Wednesday, the FARC defended the negotiations aimed at ending the half-century conflict. A FARC commander best known by his alias Ivan Marquez said the biggest achievement so far is a growing sense of reconciliation among Colombians.

The two sides have already reached agreements on agrarian reform, political participation for the FARC and how to jointly combat illicit drugs in what was long the world’s largest cocaine producer.

But the remaining issues, including how the FARC will lay down their arms and whether commanders will face prosecution for atrocities and drug-trafficking, are some of the thorniest.

The most recent peace process with the FARC collapsed in 2002 after the group used the breathing room of a demilitarized zone to build its fighting force, intensify its cocaine trafficking, and take hostages.

The final straw came when the FARC boarded a commercial plane and seized a senator, who was held captive for six years.

For more information, please see:

ABC News – Colombia Rebel-Held General a Bookish Strategist – 20 Nov. 2014

BBC News – Colombia kidnap: Farc agrees conditions for release – 19 Nov. 2014

ABC News – Colombia, Rebels Agree on Steps to Free General – 19 Nov. 2014

Reuters – Colombia rebels to free general, opening door to resume peace talks – 20 Nov. 2014

Peru Activists Killings at the Forefront of Climate Talk

By Delisa Morris

Impunity Watch Reporter, South America

LIMA, Peru — In less than two weeks Peru will host a key global climate conference.  However, the country has again come under fire for failing to protect activists who were murdered in an attempt to save the country’s quickly diminishing rainforest and other ecosystems.

Illegal loggers in the Amazon / Image courtesy of Aberu

According to the NGO Global Witness, the South American country has become the fourth most dangerous state in the world for environmental and land defenders.  The NGO also accused Peru’s government of placing too much emphasis on exploitation of the land opposed to conservation.

In a recent report at least 57 activists have been killed in Peru since 2002, where more than 60% of the deaths have been within the last four years.  The other three most dangerous countries are Brazil, Honduras and the Philippines.

The report, with the updated death toll comes just in time as Lima prepares to host ministers from around the world for the United Nations climate conference, even though the host nation hasn’t been spot on addressing green issues.

Deforestation in the Peruvian Amazon – which accounts for about half of the country’s carbon emissions – nearly doubled in 2012, as farmers, miners and illegal loggers sawed deeper into the forest.  The World Bank estimates that almost 80% of the country’s timber exports were felled illegally.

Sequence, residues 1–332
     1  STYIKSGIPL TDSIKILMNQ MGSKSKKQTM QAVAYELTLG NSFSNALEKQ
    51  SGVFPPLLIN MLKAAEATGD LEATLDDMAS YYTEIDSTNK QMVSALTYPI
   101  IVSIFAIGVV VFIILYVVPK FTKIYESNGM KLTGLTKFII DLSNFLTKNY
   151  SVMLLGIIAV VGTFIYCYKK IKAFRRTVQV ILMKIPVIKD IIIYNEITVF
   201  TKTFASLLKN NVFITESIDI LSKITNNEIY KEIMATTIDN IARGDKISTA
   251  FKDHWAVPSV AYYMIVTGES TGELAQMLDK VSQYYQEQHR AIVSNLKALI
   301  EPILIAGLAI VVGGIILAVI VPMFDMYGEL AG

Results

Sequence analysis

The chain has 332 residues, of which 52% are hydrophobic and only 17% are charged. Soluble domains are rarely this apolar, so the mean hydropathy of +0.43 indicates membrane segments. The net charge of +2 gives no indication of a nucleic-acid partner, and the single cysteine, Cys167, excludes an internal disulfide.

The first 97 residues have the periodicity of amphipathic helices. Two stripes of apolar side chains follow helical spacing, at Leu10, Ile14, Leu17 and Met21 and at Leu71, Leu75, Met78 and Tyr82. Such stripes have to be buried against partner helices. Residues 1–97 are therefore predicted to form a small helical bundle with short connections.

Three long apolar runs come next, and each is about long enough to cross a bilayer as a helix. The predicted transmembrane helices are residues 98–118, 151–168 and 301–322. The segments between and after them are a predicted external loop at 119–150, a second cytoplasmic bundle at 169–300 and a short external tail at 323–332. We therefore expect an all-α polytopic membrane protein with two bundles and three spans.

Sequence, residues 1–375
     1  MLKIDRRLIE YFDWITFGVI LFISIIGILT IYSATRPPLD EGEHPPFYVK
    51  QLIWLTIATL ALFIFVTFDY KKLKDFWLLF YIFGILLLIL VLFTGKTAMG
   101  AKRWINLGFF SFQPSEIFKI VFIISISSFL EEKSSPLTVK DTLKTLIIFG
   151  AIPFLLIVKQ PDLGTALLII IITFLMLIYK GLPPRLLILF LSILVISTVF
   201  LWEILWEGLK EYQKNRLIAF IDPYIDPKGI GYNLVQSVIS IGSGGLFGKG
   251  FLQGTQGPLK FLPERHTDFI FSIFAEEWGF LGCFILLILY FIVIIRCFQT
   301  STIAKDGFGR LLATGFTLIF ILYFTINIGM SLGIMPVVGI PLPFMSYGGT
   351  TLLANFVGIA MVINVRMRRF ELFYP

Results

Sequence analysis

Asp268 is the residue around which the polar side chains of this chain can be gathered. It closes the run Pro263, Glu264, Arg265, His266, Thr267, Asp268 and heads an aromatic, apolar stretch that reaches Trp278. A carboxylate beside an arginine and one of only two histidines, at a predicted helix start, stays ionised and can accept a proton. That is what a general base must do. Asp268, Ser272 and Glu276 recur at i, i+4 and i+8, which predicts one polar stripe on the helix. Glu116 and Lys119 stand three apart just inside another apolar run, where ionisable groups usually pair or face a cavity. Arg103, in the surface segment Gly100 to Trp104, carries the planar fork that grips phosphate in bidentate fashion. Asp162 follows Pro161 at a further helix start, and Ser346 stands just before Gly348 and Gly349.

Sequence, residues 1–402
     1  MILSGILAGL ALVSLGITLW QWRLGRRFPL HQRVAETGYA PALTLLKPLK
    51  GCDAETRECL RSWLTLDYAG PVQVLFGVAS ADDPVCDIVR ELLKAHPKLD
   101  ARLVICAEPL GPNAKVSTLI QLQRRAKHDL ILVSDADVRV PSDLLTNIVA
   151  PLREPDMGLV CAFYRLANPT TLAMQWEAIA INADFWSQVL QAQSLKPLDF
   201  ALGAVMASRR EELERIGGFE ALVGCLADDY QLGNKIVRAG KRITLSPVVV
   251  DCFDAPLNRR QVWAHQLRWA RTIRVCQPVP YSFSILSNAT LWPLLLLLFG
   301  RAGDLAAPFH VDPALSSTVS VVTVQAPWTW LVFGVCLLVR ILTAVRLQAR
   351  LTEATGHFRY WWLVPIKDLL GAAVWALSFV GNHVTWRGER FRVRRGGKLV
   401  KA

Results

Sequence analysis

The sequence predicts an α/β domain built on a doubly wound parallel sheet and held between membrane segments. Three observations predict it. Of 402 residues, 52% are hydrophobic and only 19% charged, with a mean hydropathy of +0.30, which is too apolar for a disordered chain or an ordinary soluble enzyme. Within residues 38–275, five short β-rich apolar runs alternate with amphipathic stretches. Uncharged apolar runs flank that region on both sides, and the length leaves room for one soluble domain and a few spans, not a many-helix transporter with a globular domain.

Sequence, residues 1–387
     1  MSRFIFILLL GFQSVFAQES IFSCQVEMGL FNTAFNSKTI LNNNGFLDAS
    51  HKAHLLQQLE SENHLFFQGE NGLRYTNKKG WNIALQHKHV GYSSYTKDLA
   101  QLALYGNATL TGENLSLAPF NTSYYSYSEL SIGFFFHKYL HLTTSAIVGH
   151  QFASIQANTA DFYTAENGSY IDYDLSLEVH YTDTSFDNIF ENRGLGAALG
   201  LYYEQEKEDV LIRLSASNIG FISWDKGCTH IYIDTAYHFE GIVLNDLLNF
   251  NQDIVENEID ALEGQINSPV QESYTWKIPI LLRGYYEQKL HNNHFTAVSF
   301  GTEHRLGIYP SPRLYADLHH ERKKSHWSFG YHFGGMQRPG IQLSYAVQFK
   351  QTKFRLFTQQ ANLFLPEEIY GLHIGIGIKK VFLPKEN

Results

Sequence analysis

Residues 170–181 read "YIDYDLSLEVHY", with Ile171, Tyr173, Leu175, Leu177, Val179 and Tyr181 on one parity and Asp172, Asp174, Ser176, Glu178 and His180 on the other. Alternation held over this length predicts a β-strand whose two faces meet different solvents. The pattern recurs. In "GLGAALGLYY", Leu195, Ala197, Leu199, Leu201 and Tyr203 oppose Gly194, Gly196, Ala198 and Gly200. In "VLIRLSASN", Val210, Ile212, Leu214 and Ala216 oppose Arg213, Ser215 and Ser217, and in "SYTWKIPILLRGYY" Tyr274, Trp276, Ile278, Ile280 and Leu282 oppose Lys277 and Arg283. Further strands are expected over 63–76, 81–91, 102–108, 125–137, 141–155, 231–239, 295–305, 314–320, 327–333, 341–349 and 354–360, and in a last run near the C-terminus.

Sources detail that most of the activist murders were related to conflicts over land or resistance to mining projects or illegal logging operations.  A large number of the victims were from indigenous tribes who had been granted reserves or applied for land titles, but receive little to no protection or enforcement from the government.

In a recent case, anti-logging campaigner Edwin Chota and three other Ashéninka leaders were killed in Ucayali in September over land they had spent a decade trying to secure for their community.  The community planned to use the forest sustainably.

Chata asked for protection before he and his colleagues were murdered.  He told the police he was receiving death threats from illegal loggers, and sent them photographs of the suspects.  Currently many of the suspects have been arrested, but the authorities are being accused of negligence.

“The murders of Edwin Chota and his colleagues are tragic reminders of a paradox at work in the climate negotiations,” said Patrick Alley, co-founder of Global Witness. “While Peru’s government chairs negotiations on how to solve our climate crisis, it is failing to protect the people on the frontline of environmental protection … The message is clear, if you want to save the environment, then stop people killing environmental defenders.”

For more information, please see:

ABC News – Widows: Probe Into Peru Activist Killings Stalled – 17 Nov. 2014

the guardian – Spotlight on murders of activists as Peru prepares for Lima climate talks – 17 Nov. 2014

Yahoo news – Peru activist killings condemned ahead of climate talks – 17 Nov. 2014

herald online – Widows: Probe into Peru activist killings stalled – 17 Nov. 2014

Workers Commemorate Massacre in Guyaquil with Hope for Labor Code Reforms Package

By Delisa Morris

Impunity Watch Reporter, South America

On Saturday, President Rafeal Correa of Ecuador presented the labor code reforms package, which coincided wight eh 92nd anniversary of the workers massacre in Guayaquil.  President Correa spoke to an audience of about 100,000 people.

Workers rally in Guayaquil / image courtesy of telesur

In the coastal city of Guayaquil, before more than 100,000 workers, President Rafael Correa presented the final package of reforms to the labor code to the President of the National Assembly Gabriela Rivadeneira.